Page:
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Open Access Review

Autosomal dominant cerebellar ataxia type III: a review of the phenotypic and genotypic characteristics

Shinsuke Fujioka1, Christina Sundal12 and Zbigniew K Wszolek1*

Author Affiliations

1 Department of Neurology at Mayo Clinic, 4500 San Pablo Road Cannaday Bldg 2-E, Jacksonville, FL, 32224, USA

2 Department of Clinical Neuroscience and Rehabilitation, Institute of Neuroscience and Physiology, Sahlgrenska University Hospital, Gothenburg, Sweden

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Orphanet Journal of Rare Diseases 2013, 8:14  doi:10.1186/1750-1172-8-14

Published: 18 January 2013

Abstract

Autosomal Dominant Cerebellar Ataxia (ADCA) Type III is a type of spinocerebellar ataxia (SCA) classically characterized by pure cerebellar ataxia and occasionally by non-cerebellar signs such as pyramidal signs, ophthalmoplegia, and tremor. The onset of symptoms typically occurs in adulthood; however, a minority of patients develop clinical features in adolescence. The incidence of ADCA Type III is unknown. ADCA Type III consists of six subtypes, SCA5, SCA6, SCA11, SCA26, SCA30, and SCA31. The subtype SCA6 is the most common. These subtypes are associated with four causative genes and two loci. The severity of symptoms and age of onset can vary between each SCA subtype and even between families with the same subtype. SCA5 and SCA11 are caused by specific gene mutations such as missense, inframe deletions, and frameshift insertions or deletions. SCA6 is caused by trinucleotide CAG repeat expansions encoding large uninterrupted glutamine tracts. SCA31 is caused by repeat expansions that fall outside of the protein-coding region of the disease gene. Currently, there are no specific gene mutations associated with SCA26 or SCA30, though there is a confirmed locus for each subtype. This disease is mainly diagnosed via genetic testing; however, differential diagnoses include pure cerebellar ataxia and non-cerebellar features in addition to ataxia. Although not fatal, ADCA Type III may cause dysphagia and falls, which reduce the quality of life of the patients and may in turn shorten the lifespan. The therapy for ADCA Type III is supportive and includes occupational and speech modalities. There is no cure for ADCA Type III, but a number of recent studies have highlighted novel therapies, which bring hope for future curative treatments.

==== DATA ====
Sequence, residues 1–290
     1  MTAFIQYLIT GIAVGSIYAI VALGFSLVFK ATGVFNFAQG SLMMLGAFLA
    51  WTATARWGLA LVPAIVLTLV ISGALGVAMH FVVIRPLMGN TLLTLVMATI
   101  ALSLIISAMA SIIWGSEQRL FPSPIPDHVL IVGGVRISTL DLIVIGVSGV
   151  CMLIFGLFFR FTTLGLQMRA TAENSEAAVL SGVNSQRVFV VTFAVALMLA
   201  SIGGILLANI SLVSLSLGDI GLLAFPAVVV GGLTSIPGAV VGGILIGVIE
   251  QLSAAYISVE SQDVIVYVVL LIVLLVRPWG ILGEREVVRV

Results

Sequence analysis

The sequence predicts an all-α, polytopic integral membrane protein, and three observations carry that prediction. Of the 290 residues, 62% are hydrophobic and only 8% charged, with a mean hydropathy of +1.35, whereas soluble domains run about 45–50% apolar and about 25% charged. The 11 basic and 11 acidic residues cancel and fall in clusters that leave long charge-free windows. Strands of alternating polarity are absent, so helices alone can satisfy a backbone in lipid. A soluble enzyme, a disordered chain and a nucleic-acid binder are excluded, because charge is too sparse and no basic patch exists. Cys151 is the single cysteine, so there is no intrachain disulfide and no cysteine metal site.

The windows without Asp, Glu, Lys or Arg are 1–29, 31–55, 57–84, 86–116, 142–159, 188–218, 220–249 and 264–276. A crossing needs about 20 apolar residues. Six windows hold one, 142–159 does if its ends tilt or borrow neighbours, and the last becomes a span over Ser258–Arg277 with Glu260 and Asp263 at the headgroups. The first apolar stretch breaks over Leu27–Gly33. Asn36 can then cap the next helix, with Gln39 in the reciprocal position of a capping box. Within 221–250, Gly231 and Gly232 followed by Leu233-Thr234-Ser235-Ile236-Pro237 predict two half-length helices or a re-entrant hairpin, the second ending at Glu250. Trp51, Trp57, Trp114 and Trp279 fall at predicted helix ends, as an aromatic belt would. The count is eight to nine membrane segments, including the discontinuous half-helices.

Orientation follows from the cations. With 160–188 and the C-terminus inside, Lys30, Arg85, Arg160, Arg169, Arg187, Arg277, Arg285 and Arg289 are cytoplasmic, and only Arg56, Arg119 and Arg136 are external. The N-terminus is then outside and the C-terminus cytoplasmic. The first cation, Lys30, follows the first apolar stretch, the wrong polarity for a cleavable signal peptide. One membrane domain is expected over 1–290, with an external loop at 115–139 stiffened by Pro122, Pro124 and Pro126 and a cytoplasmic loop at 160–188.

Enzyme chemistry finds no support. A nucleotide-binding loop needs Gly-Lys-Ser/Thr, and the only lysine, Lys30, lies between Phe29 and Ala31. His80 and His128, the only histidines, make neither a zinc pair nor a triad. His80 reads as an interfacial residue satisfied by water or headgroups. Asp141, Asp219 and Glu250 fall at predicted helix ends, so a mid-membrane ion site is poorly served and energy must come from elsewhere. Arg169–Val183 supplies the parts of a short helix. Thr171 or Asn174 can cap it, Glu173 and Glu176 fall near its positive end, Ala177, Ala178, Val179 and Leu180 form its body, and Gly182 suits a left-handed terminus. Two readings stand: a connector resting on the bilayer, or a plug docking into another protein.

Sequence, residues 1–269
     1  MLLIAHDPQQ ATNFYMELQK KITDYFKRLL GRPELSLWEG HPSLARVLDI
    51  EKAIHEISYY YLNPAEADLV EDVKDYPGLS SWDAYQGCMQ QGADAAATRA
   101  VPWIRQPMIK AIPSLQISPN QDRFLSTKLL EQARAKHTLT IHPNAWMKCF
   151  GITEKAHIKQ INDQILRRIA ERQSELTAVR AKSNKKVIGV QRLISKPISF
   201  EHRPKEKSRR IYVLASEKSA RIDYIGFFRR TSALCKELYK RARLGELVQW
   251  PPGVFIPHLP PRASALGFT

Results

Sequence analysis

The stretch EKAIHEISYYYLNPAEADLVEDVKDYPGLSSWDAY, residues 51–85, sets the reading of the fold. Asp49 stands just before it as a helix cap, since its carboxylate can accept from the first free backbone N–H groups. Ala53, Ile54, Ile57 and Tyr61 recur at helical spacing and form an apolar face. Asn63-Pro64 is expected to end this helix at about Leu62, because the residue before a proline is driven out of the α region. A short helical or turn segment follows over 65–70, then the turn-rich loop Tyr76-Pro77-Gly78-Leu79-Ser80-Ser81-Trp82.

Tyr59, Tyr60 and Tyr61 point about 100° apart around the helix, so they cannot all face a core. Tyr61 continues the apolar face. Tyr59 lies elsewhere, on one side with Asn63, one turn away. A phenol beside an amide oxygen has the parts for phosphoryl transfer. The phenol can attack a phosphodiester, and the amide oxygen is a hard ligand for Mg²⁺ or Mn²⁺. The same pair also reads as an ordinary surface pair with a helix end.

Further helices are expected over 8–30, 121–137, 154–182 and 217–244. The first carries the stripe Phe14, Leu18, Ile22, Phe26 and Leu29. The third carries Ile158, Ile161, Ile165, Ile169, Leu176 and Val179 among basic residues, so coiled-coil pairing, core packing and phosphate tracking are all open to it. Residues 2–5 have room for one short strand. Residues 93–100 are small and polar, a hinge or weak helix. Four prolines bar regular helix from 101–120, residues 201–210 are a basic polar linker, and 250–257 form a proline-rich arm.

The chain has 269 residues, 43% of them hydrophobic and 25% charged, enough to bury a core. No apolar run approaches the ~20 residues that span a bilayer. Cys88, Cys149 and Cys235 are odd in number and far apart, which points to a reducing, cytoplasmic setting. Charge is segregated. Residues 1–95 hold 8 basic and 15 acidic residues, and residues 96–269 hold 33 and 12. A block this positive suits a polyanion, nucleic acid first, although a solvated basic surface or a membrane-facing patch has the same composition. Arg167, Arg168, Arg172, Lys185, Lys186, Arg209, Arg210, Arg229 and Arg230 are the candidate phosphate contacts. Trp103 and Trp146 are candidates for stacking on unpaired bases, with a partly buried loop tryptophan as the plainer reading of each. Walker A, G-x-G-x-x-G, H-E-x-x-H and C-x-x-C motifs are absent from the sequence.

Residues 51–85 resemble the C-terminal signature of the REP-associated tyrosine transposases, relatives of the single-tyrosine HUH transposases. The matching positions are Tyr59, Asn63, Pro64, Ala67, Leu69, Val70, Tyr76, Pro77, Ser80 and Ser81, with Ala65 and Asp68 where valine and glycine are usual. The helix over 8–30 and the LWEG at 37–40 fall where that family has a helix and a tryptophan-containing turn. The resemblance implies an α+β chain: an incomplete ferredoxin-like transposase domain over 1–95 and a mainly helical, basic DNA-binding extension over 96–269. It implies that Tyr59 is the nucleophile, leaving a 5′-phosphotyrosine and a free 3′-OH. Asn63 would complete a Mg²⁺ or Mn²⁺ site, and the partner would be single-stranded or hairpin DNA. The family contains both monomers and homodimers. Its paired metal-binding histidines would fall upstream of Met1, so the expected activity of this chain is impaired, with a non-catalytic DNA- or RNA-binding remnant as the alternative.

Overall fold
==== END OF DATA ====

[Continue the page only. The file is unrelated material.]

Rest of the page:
Keywords:
SCA5; SCA6; SCA11; SCA26; SCA30; SCA31; SPTBN2; CACNA1A; TTBK2; BEAN